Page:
Future Trends – Terrifying Smart Cities

Posted By on May 12, 2017

Each week Nikolas Badminton, Futurist Speaker, summarizes the top-5 future looking developments and news items that I find to be inspiring, interesting, concerning, or downright strange. Each day he reads through dozens of blogs and news websites to find those things that we should be aware of.

In Future Trends – Terrifying Smart Cities we look at Nvidia’a Metropolis platform, super efficient diamond batteries, the meaning of life without work, coding your own bank account, and China’s megacity investment.

Nvidia’s slightly terrifying Metropolis platform paves the way for smarter cities

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Nvidia has a vision for the city of the future, and it takes the always-on surveillance we’re becoming accustomed to and pushes it to whole new levels. The company’s Metropolis intelligent video analytics platform applies deep learning to constantly process and contextualize the masses of data streaming from the ever-increasing number of cameras watching us every day.

It’s one thing to have cameras watching at all times, but another altogether to do something useful with the giant stack of data they’re producing day and night. Manpower costs make sitting and watching it all unfeasible, but computers taking advantage of machine learning and artificial intelligence could. And this perfectly lines up with the new direction Nvidia has been pushing in for the last few years.

No longer just a graphics card manufacturer aiming to push more pixels in the latest first person shooter, Nvidia’s video processing and machine learning chips are starting to become benchmarks in a number of growing industries. For example, in industrial drones they’re helping to automatically recognize and track assets on large work sites, and in self-driving cars they’re taking a “watch and learn” approach to figuring out how traffic works.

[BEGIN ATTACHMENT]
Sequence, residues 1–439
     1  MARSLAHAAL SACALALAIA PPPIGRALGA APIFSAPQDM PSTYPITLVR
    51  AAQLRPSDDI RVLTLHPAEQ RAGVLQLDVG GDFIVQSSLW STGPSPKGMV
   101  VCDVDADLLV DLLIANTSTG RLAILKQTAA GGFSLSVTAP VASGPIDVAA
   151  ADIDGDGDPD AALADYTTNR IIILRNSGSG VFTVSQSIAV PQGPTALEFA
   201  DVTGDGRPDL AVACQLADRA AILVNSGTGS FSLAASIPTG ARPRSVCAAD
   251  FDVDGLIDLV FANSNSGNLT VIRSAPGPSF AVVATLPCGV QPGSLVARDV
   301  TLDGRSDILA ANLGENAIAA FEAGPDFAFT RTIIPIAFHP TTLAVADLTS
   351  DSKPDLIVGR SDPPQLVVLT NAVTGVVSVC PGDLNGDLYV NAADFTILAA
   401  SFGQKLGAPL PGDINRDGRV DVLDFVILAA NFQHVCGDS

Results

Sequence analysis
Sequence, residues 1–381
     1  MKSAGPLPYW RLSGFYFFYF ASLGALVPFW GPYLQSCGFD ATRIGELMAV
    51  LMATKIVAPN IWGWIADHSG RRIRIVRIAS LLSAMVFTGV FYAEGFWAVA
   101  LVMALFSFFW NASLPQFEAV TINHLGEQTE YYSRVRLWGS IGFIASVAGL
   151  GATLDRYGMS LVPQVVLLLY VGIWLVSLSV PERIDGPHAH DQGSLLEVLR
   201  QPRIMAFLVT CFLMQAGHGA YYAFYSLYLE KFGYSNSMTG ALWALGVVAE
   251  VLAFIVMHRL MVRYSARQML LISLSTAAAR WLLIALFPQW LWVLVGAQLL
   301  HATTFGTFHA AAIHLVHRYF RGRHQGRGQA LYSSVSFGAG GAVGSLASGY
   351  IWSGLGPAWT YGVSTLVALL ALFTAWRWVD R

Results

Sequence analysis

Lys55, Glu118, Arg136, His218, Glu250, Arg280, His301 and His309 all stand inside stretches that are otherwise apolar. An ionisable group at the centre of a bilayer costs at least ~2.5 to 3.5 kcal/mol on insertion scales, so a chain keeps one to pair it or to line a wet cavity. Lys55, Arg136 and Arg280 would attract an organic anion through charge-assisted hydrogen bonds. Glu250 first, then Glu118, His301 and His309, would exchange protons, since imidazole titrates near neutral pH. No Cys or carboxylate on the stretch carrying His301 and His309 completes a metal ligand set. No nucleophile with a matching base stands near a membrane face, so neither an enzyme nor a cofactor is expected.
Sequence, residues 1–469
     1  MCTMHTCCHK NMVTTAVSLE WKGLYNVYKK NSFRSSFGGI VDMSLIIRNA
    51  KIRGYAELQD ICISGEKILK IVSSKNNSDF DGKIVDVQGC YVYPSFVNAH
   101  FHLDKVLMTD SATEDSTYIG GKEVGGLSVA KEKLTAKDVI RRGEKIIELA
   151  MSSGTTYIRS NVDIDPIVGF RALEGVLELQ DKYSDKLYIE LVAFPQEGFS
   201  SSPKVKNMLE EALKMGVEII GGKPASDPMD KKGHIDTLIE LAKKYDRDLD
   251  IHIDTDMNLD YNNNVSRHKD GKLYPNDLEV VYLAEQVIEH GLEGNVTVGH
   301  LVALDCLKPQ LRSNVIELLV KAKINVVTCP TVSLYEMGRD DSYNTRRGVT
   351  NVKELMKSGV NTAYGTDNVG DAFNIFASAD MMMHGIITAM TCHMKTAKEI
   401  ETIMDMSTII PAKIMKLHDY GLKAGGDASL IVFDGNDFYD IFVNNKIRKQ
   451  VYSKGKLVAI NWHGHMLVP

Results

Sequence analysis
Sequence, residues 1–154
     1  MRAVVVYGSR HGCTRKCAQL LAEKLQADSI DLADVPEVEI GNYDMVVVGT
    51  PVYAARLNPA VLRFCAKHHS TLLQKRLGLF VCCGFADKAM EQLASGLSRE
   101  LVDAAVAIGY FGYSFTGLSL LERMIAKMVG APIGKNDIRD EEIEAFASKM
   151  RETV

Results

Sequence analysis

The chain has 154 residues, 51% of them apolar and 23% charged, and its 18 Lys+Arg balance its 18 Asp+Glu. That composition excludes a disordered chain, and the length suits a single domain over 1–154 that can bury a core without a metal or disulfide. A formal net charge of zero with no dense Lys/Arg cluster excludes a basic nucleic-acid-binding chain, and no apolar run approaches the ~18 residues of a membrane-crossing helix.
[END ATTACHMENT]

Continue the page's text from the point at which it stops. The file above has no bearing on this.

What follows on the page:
Note: This is also quite disturbing:

Read more at New Atlas

Scientists Are Turning Nuclear Waste Into Super-Efficient Diamond Batteries

Scientists have figured out how to use nuclear waste as an energy source, converting radioactive gas into artificial diamonds that could be used as batteries.

These diamonds, which are able to generate their own electrical current, could potentially provide a power source for thousands of years, due to the longstanding half-life of the radioactive substances they’re made from.

“There are no moving parts involved, no emissions generated, and no maintenance required, just direct electricity generation,” says geochemist Tom Scott from the University of Bristol in the UK.

“By encapsulating radioactive material inside diamonds, we turn a long-term problem of nuclear waste into a nuclear-powered battery and a long-term supply of clean energy.”

Scott’s team has so far demonstrated a prototype diamond battery that uses an unstable isotope of nickel (nickel–63) as its radiation source.

Read more at Science Alert

The meaning of life in a world without work

Most jobs that exist today might disappear within decades. As artificial intelligence outperforms humans in more and more tasks, it will replace humans in more and more jobs. Many new professions are likely to appear: virtual-world designers, for example. But such professions will probably require more creativity and flexibility, and it is unclear whether 40-year-old unemployed taxi drivers or insurance agents will be able to reinvent themselves as virtual-world designers (try to imagine a virtual world created by an insurance agent!). And even if the ex-insurance agent somehow makes the transition into a virtual-world designer, the pace of progress is such that within another decade he might have to reinvent himself yet again.